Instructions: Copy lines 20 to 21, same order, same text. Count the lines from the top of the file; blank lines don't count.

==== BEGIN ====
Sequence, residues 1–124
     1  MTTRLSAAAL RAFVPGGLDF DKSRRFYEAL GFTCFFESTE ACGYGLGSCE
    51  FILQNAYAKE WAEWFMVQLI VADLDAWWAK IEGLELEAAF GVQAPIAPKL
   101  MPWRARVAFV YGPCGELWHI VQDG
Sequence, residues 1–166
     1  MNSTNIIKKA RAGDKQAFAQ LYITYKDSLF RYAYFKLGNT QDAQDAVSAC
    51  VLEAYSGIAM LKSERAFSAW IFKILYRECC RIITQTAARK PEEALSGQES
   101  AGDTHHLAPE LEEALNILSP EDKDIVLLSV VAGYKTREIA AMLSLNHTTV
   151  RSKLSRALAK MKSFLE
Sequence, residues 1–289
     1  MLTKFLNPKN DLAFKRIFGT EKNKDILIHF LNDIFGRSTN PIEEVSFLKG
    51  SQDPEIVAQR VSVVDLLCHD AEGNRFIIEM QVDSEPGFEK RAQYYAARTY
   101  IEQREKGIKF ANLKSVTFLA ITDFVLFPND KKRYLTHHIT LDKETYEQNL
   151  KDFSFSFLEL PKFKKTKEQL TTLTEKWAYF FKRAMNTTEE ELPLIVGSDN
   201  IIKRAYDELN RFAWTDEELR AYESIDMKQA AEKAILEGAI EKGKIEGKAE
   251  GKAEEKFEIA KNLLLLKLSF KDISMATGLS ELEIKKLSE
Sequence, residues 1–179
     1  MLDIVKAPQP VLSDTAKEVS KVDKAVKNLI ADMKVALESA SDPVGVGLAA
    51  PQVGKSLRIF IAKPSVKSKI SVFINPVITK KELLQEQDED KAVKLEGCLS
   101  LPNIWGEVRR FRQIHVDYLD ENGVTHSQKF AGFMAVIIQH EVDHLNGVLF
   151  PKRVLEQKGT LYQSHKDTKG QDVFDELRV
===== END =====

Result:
   101  LPNIWGEVRR FRQIHVDYLD ENGVTHSQKF AGFMAVIIQH EVDHLNGVLF
   151  PKRVLEQKGT LYQSHKDTKG QDVFDELRV